It sometimes seems as if entire casts of successful English comedies have wandered onto this set: a naked body on the run, a jug-eared mailman on a bicycle, gossipy old ladies.

SAVING GRACE

A Illusion review by Joan Ellis.


If eccentric British comedies for the moment seem to be stuck like copies spilling from a photocopier, they are usually populated by good actors who can make us laugh, and sometimes that's enough. Unfortunately, though, the Brits rely too often on the formula of dotty old people doing the unexpected. In Saving Grace it's a widow who decides to repay her newly dead husband's gigantic debts by using her talents as a master gardener in hydroponics, with a major assist from her gardener.

Brenda Blethyn is hugely talented and knowingly subtle. If a film that stars this able woman is labored, something is wrong with the script. If it is also derivative, then it is doomed. Actors can't make good comedy without good words.

Grace Trevethen (Ms. Blethyn) teams up with her beloved young gardener, Matthew (Craig Ferguson), to rescue what they can of the film. Matthew is growing marijuana plants in the backyard of the vicarage-in the shade, of course, out of sight. Grace, the village's finest gardener, sees in a flash that she can use Matthew's seedlings to start a cash crop that can save her house from the creditors.

Consider all the pluses: A Cornish fishing village filmed against a landscape of staggering, stark beauty. Unmarred by trees or scrub or brush, empty fields roll to the sea. Matthew is kind and sensitive in a dense, but dependable, way. The girl he loves is Nicky (Valerie Edmond), a lovely young woman with a big heart and a taproot of common sense that tells her Matthew's scheme will come to no good end. Matthew and Nicky, without an ounce of condescension, create a couple we know can live happily ever after in this village-if they don't end up in jail.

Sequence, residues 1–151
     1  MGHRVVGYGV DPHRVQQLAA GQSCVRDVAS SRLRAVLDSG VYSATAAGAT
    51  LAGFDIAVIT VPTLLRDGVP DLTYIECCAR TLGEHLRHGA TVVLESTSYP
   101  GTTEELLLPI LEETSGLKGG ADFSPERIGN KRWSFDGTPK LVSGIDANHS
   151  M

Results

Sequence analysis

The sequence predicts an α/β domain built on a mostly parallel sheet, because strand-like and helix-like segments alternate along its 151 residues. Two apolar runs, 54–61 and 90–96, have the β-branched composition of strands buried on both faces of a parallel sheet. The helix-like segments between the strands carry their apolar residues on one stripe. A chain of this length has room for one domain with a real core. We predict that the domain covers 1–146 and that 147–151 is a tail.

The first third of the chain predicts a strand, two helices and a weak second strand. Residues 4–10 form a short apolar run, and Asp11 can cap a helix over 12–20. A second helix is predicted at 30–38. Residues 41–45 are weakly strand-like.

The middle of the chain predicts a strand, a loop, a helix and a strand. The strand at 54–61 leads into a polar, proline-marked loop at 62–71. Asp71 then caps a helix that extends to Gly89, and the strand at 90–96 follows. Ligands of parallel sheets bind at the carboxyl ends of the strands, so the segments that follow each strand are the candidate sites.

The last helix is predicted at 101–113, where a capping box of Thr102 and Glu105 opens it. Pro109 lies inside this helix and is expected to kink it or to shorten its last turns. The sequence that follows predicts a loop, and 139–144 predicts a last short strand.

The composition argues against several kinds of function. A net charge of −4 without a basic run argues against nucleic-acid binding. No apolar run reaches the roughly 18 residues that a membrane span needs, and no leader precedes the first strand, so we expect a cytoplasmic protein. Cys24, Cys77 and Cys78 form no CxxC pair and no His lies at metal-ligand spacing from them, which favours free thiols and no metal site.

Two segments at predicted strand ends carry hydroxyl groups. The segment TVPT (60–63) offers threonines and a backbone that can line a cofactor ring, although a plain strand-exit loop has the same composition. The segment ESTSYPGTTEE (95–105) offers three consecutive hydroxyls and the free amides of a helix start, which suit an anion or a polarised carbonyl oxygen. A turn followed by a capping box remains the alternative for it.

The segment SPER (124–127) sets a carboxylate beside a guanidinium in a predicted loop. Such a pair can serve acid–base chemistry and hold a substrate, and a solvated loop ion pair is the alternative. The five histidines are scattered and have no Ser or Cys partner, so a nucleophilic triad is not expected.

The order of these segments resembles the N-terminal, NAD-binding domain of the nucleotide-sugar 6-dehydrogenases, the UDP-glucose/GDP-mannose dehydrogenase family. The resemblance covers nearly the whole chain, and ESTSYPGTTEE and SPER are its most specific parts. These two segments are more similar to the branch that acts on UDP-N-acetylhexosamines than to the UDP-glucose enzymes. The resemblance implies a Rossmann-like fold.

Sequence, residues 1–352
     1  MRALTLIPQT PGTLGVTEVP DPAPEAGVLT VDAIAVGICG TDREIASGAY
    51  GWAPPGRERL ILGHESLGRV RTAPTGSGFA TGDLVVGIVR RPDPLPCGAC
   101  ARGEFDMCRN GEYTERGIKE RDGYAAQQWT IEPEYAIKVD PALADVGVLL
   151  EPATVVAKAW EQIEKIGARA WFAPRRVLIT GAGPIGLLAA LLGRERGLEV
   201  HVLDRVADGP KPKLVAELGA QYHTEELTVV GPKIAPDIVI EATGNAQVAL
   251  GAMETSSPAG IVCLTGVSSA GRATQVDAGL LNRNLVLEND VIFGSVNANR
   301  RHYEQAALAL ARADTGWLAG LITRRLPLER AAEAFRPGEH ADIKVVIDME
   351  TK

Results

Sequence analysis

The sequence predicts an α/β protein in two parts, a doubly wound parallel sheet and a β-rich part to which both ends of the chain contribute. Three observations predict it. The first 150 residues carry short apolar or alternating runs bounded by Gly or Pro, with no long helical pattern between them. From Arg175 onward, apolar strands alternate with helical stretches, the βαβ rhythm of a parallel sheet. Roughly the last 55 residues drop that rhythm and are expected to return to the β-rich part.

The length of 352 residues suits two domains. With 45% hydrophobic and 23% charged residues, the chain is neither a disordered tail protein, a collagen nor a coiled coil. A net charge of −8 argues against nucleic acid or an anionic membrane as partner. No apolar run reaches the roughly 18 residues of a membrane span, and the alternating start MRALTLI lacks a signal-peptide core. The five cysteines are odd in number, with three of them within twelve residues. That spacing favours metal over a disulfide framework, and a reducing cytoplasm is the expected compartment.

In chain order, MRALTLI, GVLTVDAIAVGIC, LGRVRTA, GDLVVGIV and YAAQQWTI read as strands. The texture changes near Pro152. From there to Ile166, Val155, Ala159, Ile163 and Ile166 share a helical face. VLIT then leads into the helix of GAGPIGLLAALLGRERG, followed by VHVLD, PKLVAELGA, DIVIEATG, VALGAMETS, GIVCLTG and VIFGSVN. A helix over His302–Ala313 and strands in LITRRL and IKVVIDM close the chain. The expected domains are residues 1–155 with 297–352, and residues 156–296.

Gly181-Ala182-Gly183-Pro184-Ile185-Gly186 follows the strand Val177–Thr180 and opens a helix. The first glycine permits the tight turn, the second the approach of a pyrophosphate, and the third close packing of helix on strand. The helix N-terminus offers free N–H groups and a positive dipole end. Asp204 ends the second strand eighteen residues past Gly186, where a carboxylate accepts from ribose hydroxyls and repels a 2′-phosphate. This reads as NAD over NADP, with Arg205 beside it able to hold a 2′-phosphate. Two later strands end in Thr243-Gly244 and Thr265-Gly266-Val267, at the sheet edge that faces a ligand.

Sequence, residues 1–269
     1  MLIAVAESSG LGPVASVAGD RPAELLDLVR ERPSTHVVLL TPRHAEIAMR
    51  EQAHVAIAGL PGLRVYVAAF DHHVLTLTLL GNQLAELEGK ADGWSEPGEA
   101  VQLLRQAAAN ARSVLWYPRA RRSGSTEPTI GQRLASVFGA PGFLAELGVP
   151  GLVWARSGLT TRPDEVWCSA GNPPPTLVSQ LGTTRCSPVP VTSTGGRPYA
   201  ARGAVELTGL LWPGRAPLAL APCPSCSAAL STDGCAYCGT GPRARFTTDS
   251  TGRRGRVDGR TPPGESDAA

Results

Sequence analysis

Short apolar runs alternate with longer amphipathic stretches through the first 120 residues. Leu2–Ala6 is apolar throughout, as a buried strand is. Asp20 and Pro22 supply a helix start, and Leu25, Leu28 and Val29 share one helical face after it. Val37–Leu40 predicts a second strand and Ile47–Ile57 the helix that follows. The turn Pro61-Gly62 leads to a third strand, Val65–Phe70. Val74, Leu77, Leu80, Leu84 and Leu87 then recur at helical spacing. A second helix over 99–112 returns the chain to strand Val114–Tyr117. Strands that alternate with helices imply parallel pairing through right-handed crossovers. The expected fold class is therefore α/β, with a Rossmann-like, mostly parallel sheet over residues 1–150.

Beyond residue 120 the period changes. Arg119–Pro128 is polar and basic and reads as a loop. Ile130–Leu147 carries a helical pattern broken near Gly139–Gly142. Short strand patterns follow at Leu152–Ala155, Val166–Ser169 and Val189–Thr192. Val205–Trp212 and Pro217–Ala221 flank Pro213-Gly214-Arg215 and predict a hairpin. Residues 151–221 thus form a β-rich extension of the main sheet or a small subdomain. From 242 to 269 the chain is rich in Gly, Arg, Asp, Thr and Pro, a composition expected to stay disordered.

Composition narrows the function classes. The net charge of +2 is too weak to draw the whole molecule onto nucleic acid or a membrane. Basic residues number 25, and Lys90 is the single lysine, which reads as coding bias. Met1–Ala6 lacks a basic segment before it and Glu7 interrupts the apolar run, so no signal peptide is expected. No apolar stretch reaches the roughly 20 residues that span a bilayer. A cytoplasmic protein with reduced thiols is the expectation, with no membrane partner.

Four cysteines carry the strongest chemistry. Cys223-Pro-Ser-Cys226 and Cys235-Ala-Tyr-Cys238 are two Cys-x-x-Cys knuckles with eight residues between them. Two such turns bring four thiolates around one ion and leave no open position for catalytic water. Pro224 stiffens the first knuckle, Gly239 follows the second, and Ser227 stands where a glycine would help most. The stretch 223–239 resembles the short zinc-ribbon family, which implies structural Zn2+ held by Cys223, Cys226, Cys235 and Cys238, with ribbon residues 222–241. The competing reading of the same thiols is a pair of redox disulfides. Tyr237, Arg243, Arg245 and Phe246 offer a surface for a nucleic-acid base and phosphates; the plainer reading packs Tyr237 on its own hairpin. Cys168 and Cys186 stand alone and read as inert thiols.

The movie opens beautifully as Nicky strides from her fishing boat, dressing for a funeral as she goes, with Matthew's black funeral suit slung over her shoulder. Matthew is digging Mr. Trevethen's grave. The promise of light comedy pulses. As Grace and Matthew wreak miracles in her greenhouse, a stock cast of loony British villagers falls, in one silly way or another, under the spell of the marijuana they unwittingly inhale or drink as they prance around the periphery of the growing operation.

Our laughs, and there are some, are supposed to come from the steady repetition of normally proper old people giggling and rolling on the ground. Once, maybe. Even twice. But there is not a backbone strong enough to hold this movie up. As it rushes toward a Keystone Cops finale, even Brenda Blethyn looks silly. Director Nigel Cole must take the blame for that.

It sometimes seems as if entire casts of successful English comedies have wandered onto this set: a naked body on the run, a jug-eared mailman on a bicycle, gossipy old ladies. But this time the collective chuckles are just not enough to get this train back on track.


Film Critic : JOAN ELLIS
Word Count : 499
Studio : Fine Line
Rating : R
Running time : 1h33m


Copyright (c) Illusion

Return to Ellis Home Page